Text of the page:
Post-test comparison of HIV test knowledge and changes in sexual risk behaviour between clients accessing HIV testing online versus in-clinic

Travis Salway, Kimberly Thomson, Darlene Taylor, Devon Haag, Elizabeth Elliot, Tom Wong, Christopher K. Fairley, Troy Grennan, Jean Shoveller, Gina Ogilvie, Mark Gilbert

Research output: Contribution to journalArticleResearchpeer-review

4 Citations (Scopus)


Objective Internet-based HIV testing offers the potential to address privacy-related barriers to testing and increase frequency of testing but may result in missed opportunities related to sexual health education and prevention that typically occur in face-to-face encounters. In this study, we assessed the HIV test knowledge and sexual risk behaviour of clients testing for HIV through GetCheckedOnline, an internet-based sexually transmitted and bloodborne infection testing platform inclusive of HIV testing, in comparison to clients testing through a large sexual health clinic. Methods We concurrently recruited GetCheckedOnline clients and clinic clients from Vancouver, Canada, over the course of a 10-month period during 2015-2016. Participants completed baseline and 3-month questionnaires, anonymous and online. A six-item score was used to estimate knowledge of HIV test concepts typically conveyed during an HIV pretest encounter in a clinic. We used multiple regression to estimate associations between testing modality (online vs clinic based) and two outcomes - HIV test knowledge and change in condom use pre/post-test - with adjustment for relevant background factors. Results Among 352 participants, online testers demonstrated higher HIV post-test knowledge than clinic-based testers (mean score 4.65/6 vs 4.09/6; p<0.05); this difference was reduced in adjusted analysis (p>0.05). Men who have sex with men, clients with a university degree, those who have lived in Canada >10 years and English speakers had higher HIV post-test knowledge (p<0.05). Eighteen per cent of online testers and 10% of clinic-based testers increased condom use during the 3 months post-test (p>0.05). Conclusions In this comparative study between online and clinic-based testers, we found no evidence of decreased HIV test knowledge or decreased condom use following HIV testing through GetCheckedOnline. Our findings suggest that with careful design and attention to educational content, online testing services may not lead to missed opportunities for HIV education and counselling.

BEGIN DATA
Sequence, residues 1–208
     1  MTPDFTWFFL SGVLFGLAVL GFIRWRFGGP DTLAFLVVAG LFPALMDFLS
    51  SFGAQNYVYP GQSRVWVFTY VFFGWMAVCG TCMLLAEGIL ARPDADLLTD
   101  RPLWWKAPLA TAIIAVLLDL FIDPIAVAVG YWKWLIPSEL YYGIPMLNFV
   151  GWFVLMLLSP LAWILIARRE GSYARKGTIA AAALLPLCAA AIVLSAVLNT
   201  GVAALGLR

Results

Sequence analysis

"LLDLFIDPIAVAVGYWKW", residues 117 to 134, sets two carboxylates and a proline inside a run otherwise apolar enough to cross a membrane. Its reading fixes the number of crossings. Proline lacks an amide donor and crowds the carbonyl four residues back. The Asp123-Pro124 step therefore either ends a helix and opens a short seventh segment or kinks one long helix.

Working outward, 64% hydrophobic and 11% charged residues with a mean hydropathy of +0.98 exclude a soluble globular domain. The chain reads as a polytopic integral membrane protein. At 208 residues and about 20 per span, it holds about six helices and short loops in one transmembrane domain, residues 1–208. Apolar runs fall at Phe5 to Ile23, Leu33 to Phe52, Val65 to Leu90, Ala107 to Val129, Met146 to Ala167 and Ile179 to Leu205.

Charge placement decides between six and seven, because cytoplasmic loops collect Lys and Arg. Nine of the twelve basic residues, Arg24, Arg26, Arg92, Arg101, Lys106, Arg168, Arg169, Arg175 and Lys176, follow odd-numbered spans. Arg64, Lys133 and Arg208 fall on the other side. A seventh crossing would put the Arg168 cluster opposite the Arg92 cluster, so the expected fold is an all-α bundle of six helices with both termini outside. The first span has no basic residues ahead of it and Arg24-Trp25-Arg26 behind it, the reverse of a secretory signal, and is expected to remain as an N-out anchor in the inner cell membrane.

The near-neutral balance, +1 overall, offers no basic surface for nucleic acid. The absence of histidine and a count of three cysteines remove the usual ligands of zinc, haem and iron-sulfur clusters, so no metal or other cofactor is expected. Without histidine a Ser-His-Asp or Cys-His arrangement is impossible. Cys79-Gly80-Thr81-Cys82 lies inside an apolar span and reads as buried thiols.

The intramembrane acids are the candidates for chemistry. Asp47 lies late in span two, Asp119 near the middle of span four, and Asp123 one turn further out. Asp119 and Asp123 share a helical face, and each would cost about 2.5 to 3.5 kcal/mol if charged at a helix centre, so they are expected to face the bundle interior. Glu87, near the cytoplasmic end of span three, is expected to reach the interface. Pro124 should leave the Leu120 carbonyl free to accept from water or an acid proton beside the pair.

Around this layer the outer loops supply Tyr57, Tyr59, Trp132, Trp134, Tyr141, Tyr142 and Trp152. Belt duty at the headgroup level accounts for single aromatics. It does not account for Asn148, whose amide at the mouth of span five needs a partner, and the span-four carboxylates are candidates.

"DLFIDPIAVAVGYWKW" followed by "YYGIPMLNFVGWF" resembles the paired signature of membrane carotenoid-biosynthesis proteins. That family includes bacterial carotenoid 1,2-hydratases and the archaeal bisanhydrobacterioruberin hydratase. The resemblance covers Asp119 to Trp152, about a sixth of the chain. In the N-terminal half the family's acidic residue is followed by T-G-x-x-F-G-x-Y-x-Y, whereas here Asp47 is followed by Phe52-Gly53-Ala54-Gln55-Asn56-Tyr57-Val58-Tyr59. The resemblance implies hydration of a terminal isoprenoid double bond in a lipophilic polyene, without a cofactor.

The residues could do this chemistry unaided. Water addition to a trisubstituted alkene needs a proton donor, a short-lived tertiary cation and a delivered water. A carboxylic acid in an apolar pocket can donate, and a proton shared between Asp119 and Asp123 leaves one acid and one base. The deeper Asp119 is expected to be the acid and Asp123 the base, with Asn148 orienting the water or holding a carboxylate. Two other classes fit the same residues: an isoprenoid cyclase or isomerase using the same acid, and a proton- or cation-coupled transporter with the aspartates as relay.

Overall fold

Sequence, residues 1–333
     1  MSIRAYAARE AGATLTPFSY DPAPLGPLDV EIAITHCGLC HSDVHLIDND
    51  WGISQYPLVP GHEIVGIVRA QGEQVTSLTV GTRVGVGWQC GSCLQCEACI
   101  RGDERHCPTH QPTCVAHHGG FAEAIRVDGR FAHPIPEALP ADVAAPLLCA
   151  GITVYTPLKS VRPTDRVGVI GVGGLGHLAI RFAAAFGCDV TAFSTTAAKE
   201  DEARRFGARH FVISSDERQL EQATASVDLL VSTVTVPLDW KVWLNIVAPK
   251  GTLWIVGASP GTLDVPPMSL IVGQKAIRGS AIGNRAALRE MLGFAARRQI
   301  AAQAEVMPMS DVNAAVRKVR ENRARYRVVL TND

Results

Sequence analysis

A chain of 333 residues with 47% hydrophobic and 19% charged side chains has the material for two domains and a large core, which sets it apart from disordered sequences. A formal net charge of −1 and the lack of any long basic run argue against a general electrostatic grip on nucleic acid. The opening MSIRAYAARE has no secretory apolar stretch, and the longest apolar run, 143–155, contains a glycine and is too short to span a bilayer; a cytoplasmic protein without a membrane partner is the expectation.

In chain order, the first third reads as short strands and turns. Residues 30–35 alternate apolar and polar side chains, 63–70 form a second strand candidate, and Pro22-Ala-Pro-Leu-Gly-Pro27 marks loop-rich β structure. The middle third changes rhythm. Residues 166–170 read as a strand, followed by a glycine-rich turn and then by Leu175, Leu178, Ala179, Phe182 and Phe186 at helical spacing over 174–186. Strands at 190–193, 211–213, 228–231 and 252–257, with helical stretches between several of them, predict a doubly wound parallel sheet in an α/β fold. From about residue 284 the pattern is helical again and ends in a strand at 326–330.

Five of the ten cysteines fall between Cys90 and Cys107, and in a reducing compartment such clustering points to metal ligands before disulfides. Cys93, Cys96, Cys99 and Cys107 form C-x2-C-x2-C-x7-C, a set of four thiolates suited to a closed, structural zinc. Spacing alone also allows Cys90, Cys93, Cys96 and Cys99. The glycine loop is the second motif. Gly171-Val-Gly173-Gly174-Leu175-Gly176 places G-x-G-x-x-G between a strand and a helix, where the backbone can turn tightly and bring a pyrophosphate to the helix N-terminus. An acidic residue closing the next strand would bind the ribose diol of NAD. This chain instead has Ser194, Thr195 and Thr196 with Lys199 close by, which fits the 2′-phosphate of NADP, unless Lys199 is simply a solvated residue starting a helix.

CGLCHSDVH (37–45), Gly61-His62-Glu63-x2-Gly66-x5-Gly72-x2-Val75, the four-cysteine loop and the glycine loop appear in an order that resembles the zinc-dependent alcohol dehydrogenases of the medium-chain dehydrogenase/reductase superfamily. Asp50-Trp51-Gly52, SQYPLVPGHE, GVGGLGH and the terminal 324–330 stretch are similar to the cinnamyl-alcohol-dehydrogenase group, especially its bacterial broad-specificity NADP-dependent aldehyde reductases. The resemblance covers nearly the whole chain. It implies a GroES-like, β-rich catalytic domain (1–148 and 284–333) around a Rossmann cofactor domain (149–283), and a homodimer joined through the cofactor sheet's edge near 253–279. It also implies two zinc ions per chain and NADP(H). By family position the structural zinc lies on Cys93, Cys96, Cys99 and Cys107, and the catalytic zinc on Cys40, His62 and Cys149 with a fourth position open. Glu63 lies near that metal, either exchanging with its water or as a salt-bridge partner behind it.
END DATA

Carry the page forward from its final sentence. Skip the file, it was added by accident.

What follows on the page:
Original languageEnglish
Pages (from-to)102-107
Number of pages6
JournalSexually Transmitted Infections
Issue number2
Publication statusPublished - 1 Mar 2019


  • HIV testing
  • intervention studies
  • patient education
  • sexual health

Cite this